Bush's rhetoric about democracy came to sound as bitterly ironic as his pumped-up appearance on an aircraft carrier a few months earlier, in front of an enormous banner that declared MISSION ACCOMPLISHED. And yet it has to be said and it should be understood—now, almost seven hellish years later—that something that looks mighty like democracy is emerging in Iraq. And while it may not be a beacon of inspiration to the region, it most certainly is a watershed event that could come to represent a whole new era in the history of the massively undemocratic Middle East.

    The elections to be held in Iraq on March 7 feature 6,100 parliamentary candidates from all of the country's major sects and many different parties. They have wildly conflicting interests and ambitions. Yet in the past couple of years, these politicians have come to see themselves as part of the same club, where hardball political debate has supplanted civil war and legislation is hammered out, however slowly and painfully, through compromises—not dictatorial decrees or, for that matter, the executive fiats of U.S. occupiers. Although protected, encouraged, and sometimes tutored by Washington, Iraq's political class is now shaping its own system—what Gen. David Petraeus calls "Iraqracy." With luck, the politics will bolster the institutions through which true democracy thrives.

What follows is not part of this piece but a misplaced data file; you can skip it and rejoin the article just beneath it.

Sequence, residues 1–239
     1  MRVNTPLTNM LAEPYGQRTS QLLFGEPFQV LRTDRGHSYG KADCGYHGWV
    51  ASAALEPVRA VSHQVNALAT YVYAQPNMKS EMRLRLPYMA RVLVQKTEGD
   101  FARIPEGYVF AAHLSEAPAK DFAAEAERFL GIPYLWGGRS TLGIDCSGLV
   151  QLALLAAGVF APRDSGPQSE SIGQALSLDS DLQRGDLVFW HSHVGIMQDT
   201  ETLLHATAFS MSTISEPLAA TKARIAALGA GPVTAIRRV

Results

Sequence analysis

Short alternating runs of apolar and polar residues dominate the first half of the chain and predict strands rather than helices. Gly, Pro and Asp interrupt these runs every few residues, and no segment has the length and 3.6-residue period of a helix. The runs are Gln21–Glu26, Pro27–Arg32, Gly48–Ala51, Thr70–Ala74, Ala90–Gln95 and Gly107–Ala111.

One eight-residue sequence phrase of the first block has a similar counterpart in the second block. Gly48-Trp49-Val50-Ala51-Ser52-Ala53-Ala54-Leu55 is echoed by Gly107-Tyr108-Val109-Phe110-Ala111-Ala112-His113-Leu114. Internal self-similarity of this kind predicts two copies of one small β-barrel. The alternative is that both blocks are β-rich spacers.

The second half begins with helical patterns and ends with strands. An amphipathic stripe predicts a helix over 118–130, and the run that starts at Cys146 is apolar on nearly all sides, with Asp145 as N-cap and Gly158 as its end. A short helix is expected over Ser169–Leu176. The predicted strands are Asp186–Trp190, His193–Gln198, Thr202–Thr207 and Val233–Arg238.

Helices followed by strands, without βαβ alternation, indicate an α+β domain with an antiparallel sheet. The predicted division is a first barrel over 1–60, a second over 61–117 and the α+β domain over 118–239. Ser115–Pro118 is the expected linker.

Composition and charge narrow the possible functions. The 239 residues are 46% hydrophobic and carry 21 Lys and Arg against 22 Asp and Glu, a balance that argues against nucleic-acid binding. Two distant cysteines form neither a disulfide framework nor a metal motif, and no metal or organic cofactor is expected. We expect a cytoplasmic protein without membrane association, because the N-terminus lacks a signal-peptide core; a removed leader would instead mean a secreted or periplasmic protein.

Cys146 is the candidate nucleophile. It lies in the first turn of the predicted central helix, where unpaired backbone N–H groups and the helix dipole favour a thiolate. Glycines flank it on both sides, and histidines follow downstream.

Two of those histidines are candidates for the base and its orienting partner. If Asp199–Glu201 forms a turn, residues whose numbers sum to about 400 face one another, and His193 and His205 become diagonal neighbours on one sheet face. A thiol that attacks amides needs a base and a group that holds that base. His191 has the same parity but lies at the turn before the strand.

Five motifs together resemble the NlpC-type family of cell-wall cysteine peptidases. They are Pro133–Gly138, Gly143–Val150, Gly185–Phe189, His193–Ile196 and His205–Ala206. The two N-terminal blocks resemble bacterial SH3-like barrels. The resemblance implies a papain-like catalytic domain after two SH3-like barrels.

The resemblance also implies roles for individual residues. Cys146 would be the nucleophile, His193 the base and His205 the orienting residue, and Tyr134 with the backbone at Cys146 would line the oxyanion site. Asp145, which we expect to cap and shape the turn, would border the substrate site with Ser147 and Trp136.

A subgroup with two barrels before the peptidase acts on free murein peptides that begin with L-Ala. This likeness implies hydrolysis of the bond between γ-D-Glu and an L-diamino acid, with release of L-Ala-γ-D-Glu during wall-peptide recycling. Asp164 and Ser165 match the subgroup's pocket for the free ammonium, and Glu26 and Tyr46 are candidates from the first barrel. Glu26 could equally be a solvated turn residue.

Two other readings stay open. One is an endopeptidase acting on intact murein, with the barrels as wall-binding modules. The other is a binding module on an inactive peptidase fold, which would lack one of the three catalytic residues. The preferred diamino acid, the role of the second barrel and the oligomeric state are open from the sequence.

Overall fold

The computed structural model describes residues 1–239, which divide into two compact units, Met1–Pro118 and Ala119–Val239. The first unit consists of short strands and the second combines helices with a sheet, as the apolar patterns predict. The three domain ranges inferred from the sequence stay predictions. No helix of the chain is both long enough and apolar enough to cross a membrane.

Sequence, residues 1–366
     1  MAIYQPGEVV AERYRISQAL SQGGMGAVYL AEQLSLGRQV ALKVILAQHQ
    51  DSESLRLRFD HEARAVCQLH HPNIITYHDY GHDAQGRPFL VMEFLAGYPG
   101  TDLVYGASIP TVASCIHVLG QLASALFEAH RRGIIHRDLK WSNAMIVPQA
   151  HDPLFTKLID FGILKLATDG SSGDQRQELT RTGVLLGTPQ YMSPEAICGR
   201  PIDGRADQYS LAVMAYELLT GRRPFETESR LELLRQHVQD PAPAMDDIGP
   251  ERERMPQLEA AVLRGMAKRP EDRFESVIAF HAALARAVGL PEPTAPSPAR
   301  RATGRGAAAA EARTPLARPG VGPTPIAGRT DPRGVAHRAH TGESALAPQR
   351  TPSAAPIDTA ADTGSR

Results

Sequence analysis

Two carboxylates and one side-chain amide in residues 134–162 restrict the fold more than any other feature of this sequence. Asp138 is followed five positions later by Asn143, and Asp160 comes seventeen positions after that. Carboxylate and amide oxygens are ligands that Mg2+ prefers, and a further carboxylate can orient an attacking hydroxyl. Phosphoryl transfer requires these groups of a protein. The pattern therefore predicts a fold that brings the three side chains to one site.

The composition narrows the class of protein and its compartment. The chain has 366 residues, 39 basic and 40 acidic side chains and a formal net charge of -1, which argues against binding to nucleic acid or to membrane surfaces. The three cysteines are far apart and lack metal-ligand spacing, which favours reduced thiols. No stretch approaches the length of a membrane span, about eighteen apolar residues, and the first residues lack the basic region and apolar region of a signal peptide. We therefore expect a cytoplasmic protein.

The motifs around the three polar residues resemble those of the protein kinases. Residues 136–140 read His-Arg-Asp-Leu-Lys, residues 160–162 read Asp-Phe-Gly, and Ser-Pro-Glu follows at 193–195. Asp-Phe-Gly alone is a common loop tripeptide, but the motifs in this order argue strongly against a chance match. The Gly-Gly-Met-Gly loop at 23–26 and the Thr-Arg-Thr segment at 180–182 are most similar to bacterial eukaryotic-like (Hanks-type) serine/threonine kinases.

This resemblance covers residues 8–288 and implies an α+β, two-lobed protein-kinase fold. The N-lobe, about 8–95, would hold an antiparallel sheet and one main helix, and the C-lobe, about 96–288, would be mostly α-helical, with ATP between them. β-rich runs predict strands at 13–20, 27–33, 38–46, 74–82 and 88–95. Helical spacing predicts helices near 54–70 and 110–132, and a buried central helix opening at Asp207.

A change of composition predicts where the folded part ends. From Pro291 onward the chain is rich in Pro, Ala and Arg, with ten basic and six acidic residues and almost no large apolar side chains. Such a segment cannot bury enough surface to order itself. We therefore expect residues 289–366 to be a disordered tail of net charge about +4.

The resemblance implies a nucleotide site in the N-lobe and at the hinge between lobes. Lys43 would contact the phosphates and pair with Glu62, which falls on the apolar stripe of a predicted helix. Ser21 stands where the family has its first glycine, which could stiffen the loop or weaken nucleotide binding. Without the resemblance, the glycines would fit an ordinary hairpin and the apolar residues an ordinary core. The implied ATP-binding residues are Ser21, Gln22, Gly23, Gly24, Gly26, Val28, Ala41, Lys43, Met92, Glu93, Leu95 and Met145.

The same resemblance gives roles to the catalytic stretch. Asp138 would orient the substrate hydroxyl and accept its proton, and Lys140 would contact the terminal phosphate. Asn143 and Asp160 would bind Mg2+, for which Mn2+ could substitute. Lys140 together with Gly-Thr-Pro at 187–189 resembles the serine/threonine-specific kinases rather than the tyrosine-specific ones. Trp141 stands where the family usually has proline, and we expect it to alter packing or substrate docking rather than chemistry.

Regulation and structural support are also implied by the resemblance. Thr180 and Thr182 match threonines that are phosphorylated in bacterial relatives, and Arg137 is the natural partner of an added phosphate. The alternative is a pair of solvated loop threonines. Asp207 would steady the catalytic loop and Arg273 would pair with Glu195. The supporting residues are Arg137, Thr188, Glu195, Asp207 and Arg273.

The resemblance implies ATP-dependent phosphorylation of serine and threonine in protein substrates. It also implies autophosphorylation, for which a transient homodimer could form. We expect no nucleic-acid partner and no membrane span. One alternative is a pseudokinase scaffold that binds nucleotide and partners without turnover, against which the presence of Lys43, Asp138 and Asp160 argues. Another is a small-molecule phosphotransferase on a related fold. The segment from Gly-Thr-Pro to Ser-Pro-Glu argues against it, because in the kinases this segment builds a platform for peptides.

Of course, as U.S. Ambassador to Baghdad Christopher Hill says, "the real test of a democracy is not so much the behavior of the winners; it will be the behavior of the losers." Even if the vote comes off relatively peacefully, the maneuvering to form a government could go on for weeks or months. Elections in December 2005 did not produce a prime minister and cabinet until May 2006. And this time around the wrangling will be set against the background of withdrawing American troops. Their numbers have already dropped from a high of 170,000 to fewer than 100,000, and by August there should be no more than 50,000 U.S. soldiers left in the country. If political infighting turns to street fighting, the Americans may not be there to intervene.